Lower Boxed Beef Sales, Retailers Ready for Memorial Day HolidayMon, 11 May 2015 19:18:07 CDT
On a regular basis, Ed Czerwein of the U.S. Department of Agriculture Market News Office in Amarillo, Texas offers a review of the previous week's boxed beef trade. Here is the weekly boxed beef trade for week ending May 9. The daily spot Choice box beef cutout ended the week last Friday at $258.12 which was 3.48 higher. There were 827 loads sold for the week in the daily box beef cutout. It was about 13 percent of the total volume. Click on the LISTEN BAR below to listen to Ed's comments about the weekly boxed beef trade.
The comprehensive or weekly average Choice cutout which includes all types of sales including the daily spot cutout was $256.00 which was 54 cents higher.
There were 6,386 total loads sold which was 186 loads lower than the previous week. The formula sales were at 3,354 loads which was 9 loads lower than last week and are about 52 percent of the total loads sold.
Exports as reported on the boxed beef report represent primarily muscle cuts and not variety meats and they were at 586 loads which was 97 loads lower. Our North American Free Trade Agreement neighbors bought 158 loads and 428 loads were shipped overseas.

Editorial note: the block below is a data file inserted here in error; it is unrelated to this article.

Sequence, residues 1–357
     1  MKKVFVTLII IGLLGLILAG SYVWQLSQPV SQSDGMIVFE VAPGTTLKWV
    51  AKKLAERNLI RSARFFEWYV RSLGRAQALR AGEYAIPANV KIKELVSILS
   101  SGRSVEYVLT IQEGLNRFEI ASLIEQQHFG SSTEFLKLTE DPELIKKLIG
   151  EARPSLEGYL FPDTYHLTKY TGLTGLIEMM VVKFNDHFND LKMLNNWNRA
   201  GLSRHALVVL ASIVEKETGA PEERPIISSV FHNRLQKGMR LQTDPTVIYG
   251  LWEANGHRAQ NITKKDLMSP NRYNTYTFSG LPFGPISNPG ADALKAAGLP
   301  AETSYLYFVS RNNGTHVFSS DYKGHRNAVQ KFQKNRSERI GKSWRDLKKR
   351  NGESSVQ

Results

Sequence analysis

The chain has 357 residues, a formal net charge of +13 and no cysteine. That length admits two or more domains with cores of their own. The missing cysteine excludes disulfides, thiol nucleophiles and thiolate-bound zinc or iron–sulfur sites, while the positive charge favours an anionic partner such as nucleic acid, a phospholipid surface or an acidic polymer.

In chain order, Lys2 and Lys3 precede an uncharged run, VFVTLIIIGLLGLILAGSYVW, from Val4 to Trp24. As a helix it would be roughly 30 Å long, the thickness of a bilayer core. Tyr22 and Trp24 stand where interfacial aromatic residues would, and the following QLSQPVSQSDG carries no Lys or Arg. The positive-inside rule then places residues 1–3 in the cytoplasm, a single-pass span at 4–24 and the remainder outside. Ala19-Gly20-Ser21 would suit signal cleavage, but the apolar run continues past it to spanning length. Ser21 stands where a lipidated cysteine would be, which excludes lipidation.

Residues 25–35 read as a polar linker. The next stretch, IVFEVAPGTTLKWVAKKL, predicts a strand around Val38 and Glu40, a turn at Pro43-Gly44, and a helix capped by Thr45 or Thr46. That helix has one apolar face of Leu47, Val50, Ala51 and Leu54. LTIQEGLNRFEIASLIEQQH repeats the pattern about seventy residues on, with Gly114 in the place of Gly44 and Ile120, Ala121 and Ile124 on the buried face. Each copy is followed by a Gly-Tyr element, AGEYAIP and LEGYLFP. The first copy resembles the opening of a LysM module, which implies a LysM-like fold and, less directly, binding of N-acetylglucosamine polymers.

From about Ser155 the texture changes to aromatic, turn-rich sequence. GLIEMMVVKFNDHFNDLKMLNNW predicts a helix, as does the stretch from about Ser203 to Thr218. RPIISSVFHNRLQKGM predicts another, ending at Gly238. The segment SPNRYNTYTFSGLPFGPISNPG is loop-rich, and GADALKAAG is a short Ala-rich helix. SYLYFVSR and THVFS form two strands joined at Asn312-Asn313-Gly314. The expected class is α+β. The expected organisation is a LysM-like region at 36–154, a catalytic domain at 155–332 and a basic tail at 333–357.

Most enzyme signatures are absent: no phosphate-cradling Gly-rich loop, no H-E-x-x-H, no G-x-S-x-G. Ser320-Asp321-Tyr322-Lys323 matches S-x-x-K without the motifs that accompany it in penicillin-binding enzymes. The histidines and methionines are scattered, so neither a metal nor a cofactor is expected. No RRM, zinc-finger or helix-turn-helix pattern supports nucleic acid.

The outfront sales were at 853 loads which was 196 loads lower than last week. Once again the biggest outfront sales were brisket with about 2 million pounds and the average price was $3 - $7 below current spot prices but very close to formula prices, about 1.3 million pounds of round products that were priced very close to formula prices and a 1.7 million pounds of middle meat items from the loin and rib that were priced $12 - $55 below current spot or negotiated prices. These recent outfront sales will begin to be delivered after Memorial Day.
Taking a look at the primal cuts, the choice chuck, and round primals were one lower to one higher. The rib was four lower. The Choice loins did continue to climb and were seven higher.
The Cow Cutout and the 90 percent trimmings were both 70 cents to $1.30 higher regaining what they lost the previous week. They have both traded in a very narrow range during the past eight to ten months due to limited available slaughter cows and strong demand for ground beef.
The latest report of imported meat passed for entry into the U.S. for May second showed that week we imported 27,942 metric tons of fresh beef which was 1,600 metric tons higher than the previous week and equates to over 61 million pounds imported for that one week. Year-to-date for the first 18 weeks of this year we are still running 39 percent higher fresh beef imports than last year and that is on top of last years jump in imports. Australia was 75 percent higher and New Zealand was up 31 percent.
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